Was Buddha right to make his wife a victim in his search for enlightenment? ‘Yashodhara’ seeks answers.
The pain of longing and yearning defies description. Yasdhodhara, wife of Prince Siddhartha, who left home and hearth in search of enlightenment, embodies this pain.
While the world revers Buddha, few spare a thought for Yashodhara who raised her son single-handedly and sought answers within the palace walls. A recluse, she now becomes the protagonist of playwright, scholar and artiste Gowri Ramnarayan’s dance drama ‘Yashodhara’.
Narrated by Gowri herself as sutradhar, portrayed by Mythili Prakash through dance, set to verse by poet Maithili Sharan Gupt and rendered by Carnatic vocalist Nisha Rajagopalan, the multi-genre performance is thought provoking.
Inspired by a beautiful carving on one of the pillars at the entrance of the Sanchi shrine, Gowri says her thoughts travelled to the era when Yashodhara was won in a swayamvar by prince Siddhartha.
“Like any tender girl in her youth, Yashodhara must have dreamt of a joyous life with her husband. But her happiness would have turned to grief when, one night, Siddhartha left her and their infant son, Rahul, in search of nirvana,” narrates Gowri.
Yashodhara, as an artist, paints a portrait of her husband as she pines for him and tries to understand why he stole away in the middle of the night, without confiding in her.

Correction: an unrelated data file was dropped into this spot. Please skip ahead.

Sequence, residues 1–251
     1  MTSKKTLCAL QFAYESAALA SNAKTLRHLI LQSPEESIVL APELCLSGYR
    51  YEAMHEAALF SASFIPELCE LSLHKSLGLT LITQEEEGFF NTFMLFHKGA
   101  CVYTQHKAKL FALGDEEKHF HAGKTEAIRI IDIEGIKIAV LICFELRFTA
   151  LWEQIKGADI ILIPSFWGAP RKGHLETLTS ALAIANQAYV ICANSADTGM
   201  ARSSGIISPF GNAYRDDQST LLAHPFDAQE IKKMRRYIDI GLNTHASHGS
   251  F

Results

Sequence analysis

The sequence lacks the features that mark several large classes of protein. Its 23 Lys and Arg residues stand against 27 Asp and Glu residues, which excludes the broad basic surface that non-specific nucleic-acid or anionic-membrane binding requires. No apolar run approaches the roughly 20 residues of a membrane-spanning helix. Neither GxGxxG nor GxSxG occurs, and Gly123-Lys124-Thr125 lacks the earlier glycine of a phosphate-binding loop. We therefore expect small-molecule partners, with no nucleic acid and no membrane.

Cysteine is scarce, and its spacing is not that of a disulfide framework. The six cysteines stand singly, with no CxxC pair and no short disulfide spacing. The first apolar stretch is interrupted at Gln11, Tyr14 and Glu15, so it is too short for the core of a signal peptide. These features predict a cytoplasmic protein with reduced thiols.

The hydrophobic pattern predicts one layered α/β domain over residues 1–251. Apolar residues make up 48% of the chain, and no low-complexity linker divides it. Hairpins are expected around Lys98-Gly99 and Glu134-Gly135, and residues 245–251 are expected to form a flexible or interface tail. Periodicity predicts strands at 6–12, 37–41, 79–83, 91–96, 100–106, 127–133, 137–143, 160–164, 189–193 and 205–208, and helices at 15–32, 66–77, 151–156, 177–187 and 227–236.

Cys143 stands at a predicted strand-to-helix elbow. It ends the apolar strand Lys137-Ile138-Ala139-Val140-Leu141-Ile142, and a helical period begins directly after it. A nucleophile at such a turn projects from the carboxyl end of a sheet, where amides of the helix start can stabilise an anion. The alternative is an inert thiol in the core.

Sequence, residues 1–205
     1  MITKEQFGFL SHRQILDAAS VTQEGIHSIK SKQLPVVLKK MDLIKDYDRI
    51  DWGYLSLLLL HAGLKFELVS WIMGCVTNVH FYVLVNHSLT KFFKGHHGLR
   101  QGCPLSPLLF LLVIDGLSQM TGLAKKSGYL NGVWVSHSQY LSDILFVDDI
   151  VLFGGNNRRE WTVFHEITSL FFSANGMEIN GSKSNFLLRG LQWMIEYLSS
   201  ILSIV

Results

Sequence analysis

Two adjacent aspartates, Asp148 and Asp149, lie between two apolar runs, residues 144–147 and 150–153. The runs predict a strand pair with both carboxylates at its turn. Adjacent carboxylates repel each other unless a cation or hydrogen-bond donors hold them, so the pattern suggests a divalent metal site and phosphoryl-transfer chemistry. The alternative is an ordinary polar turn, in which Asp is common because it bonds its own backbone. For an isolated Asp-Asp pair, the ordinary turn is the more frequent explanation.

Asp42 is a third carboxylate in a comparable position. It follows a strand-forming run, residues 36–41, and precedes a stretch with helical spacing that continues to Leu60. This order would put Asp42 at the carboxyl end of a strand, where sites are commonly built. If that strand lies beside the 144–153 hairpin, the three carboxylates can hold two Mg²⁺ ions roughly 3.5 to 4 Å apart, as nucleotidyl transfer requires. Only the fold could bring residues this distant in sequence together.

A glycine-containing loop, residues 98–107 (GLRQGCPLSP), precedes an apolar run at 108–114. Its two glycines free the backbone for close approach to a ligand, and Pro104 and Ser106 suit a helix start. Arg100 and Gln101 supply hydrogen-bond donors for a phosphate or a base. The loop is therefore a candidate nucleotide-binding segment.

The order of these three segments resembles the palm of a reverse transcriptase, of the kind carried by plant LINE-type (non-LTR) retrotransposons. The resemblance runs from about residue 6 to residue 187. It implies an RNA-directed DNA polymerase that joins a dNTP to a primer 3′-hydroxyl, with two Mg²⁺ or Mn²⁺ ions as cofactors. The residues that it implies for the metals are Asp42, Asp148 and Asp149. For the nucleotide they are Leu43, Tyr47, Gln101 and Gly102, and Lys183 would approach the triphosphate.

This pathos was represented in a soulful abhinaya by Mythili, whose gestures defined Yashodhara’s grief. What added a special dimension to the performance was the choreography. Though Sharan Gupt’s verses were not meant to be sung, Gowri has taken up the challenge with verve.
Through her narrative, Gowri not only spearheads the performance but also keeps the audience glued to their chairs. It is her art of superb storytelling that raises the pertinent question: Was Buddha right to make his wife a victim in his search for
Consumed by grief, Yashodhara must still smile for the sake of her son, Rahul. To paint a picture of his father, she narrates stories of compassionate Siddhartha to Rahul. She waits for her husband in the hope that once he attains his goal, he will return.
The final act is a revelation. Yashodhara discovers that in the process of painting her husband Siddhartha, she has painted Gautama Buddha!
When Yashodhara realises that her husband will not return, she burns in misery — circled by eight earthen lamps. But her misery vanishes when Buddha returns to Kapilavastu and seeks forgiveness. Yashodhara leads Rahul to his father in the form of a young monk and she herself renounces all worldly ties.
However, the question whether Siddhartha was fair in overlooking his filial responsibilities, lingers in the mind of the audience long after the curtains come
down. And in that is the play’s triumph.